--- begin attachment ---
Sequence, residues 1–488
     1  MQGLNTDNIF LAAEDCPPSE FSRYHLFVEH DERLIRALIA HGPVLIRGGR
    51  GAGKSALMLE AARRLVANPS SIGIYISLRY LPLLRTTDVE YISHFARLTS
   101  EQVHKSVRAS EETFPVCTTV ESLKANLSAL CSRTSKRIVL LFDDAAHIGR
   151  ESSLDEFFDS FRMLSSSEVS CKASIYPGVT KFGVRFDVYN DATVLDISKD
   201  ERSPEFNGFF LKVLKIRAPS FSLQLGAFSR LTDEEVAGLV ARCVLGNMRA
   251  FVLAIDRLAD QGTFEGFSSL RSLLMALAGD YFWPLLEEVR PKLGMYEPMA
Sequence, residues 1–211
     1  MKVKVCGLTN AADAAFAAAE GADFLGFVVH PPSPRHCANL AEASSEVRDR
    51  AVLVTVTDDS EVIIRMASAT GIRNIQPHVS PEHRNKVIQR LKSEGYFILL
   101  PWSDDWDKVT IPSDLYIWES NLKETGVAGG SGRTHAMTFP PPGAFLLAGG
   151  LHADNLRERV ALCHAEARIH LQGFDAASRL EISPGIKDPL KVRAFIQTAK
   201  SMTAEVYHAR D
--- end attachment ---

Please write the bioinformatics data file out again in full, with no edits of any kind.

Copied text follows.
Sequence, residues 1–488
     1  MQGLNTDNIF LAAEDCPPSE FSRYHLFVEH DERLIRALIA HGPVLIRGGR
    51  GAGKSALMLE AARRLVANPS SIGIYISLRY LPLLRTTDVE YISHFARLTS
   101  EQVHKSVRAS EETFPVCTTV ESLKANLSAL CSRTSKRIVL LFDDAAHIGR
   151  ESSLDEFFDS FRMLSSSEVS CKASIYPGVT KFGVRFDVYN DATVLDISKD
   201  ERSPEFNGFF LKVLKIRAPS FSLQLGAFSR LTDEEVAGLV ARCVLGNMRA
   251  FVLAIDRLAD QGTFEGFSSL RSLLMALAGD YFWPLLEEVR PKLGMYEPMA
Sequence, residues 1–211
     1  MKVKVCGLTN AADAAFAAAE GADFLGFVVH PPSPRHCANL AEASSEVRDR
    51  AVLVTVTDDS EVIIRMASAT GIRNIQPHVS PEHRNKVIQR LKSEGYFILL
   101  PWSDDWDKVT IPSDLYIWES NLKETGVAGG SGRTHAMTFP PPGAFLLAGG
   151  LHADNLRERV ALCHAEARIH LQGFDAASRL EISPGIKDPL KVRAFIQTAK
   201  SMTAEVYHAR D